by Gerd Gladigau, Philipp Haselmayer, Inge Scharrer, Markus Munder, Nadine Prinz, Karl Lackner, Hansjörg Schild, Pamela Stein, Markus P. Radsak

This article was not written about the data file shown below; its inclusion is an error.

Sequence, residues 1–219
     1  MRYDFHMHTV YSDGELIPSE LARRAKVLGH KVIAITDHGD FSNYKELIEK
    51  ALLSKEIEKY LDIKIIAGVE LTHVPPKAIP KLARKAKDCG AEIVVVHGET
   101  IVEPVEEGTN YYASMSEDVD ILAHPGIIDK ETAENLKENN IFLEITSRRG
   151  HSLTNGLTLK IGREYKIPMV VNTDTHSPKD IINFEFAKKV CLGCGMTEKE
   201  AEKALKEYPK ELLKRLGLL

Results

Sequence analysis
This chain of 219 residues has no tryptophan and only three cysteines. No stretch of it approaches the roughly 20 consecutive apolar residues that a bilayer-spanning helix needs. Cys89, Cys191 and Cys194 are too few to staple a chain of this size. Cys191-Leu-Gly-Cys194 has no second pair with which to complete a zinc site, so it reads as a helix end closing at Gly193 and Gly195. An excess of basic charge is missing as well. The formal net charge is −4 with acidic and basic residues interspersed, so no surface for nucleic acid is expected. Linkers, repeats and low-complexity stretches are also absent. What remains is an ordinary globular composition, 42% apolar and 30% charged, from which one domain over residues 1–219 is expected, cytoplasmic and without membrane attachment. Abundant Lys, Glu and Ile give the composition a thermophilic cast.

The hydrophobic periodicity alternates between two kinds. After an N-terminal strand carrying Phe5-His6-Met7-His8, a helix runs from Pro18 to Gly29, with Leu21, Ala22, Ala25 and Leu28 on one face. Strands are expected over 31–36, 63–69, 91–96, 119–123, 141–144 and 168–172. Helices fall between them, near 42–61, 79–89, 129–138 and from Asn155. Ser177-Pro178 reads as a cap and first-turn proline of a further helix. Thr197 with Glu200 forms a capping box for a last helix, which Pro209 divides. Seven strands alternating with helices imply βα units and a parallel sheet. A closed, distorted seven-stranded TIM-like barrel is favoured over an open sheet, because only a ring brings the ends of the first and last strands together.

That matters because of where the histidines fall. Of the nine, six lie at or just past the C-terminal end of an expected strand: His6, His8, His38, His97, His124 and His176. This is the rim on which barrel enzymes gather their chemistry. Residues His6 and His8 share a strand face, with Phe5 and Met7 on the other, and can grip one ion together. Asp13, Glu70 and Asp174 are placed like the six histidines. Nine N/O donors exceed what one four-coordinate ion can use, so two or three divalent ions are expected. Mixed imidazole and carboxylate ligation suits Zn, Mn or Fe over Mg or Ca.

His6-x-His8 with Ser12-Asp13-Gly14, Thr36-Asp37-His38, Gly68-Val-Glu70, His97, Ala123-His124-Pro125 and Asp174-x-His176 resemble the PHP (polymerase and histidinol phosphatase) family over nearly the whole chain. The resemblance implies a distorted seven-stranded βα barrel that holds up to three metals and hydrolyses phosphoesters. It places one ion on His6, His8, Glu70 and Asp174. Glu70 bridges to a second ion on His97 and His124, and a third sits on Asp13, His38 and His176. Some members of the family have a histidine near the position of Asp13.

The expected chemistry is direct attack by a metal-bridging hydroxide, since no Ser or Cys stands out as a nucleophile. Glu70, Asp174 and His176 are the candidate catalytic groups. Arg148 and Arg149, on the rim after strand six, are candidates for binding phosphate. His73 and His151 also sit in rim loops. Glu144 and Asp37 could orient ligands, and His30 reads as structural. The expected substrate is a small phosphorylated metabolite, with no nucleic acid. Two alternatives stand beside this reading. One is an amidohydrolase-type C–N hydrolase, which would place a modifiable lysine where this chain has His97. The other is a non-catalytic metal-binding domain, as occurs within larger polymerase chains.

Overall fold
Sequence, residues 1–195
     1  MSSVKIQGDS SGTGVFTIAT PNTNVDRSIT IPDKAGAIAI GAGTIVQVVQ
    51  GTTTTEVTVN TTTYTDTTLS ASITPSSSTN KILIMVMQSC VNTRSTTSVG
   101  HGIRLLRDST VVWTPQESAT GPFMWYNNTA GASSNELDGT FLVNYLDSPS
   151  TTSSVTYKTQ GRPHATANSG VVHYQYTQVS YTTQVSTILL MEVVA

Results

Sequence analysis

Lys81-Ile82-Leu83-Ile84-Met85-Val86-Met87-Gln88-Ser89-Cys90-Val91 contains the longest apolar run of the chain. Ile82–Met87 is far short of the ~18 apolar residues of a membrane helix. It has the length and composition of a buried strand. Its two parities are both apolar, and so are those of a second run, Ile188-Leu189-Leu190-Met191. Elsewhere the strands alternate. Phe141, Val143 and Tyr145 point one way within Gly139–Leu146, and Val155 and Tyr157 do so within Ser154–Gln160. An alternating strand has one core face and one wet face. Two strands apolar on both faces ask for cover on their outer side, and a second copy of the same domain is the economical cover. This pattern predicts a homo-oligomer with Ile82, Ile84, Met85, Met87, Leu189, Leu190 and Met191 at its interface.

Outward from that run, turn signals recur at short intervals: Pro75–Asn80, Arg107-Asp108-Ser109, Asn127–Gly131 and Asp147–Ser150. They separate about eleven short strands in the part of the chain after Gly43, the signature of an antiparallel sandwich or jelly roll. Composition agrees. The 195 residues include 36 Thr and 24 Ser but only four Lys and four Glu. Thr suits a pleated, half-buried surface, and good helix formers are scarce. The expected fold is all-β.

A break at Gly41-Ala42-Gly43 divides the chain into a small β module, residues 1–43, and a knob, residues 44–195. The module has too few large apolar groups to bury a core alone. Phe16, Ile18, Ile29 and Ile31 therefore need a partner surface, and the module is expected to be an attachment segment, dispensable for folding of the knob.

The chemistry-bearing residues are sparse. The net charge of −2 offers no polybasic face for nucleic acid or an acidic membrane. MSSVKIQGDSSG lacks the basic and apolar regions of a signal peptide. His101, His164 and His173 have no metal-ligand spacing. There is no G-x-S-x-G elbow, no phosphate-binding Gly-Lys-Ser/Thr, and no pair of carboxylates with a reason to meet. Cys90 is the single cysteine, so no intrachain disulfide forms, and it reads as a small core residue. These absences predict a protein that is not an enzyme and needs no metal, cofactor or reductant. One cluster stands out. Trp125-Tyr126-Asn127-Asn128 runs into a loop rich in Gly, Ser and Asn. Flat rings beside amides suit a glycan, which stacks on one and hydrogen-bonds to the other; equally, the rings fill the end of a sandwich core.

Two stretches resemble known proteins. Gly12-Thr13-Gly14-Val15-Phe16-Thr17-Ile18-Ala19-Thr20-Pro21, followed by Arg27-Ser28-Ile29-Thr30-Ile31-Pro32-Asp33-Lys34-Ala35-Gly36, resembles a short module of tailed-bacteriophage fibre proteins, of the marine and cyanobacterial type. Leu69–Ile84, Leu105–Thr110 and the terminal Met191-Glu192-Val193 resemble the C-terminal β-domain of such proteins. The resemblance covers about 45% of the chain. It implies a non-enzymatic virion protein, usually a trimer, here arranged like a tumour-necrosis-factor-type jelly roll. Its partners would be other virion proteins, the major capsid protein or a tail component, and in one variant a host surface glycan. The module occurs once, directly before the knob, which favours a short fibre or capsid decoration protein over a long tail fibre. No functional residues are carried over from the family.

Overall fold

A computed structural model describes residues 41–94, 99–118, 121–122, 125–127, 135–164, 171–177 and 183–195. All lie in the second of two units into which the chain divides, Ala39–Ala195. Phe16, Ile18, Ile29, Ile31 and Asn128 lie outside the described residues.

The anti-phospholipid syndrome (APS) is characterized by recurrent thrombosis and occurrence of anti-phospholipid antibodies (aPL). aPL are necessary, but not sufficient for the clinical manifestations of APS. Growing evidence suggests a role of innate immune cells, in particular polymorphonuclear neutrophils (PMN) and Toll-like receptors (TLR) to be additionally involved. aPL activate endothelial cells and monocytes through a TLR4-dependent signalling pathway. Whether this is also relevant for PMN in a similar way is currently not known. To address this issue, we used purified PMN from healthy donors and stimulated them in the presence or absence of human monoclonal aPL and the TLR4 agonist LPS monitoring neutrophil effector functions, namely the oxidative burst, phagocytosis, L-Selectin shedding and IL-8 production. aPL alone were only able to induce minor activation of PMN effector functions at high concentrations. However, in the additional presence of LPS the activation threshold was markedly lower indicating a synergistic activation pathway of aPL and TLR in PMN. In summary, our results indicate that PMN effector functions are directly activated by aPL and boosted by the additional presence of microbial products. This highlights a role for PMN as important innate immune effector cells that contribute to the pathophysiology of APS.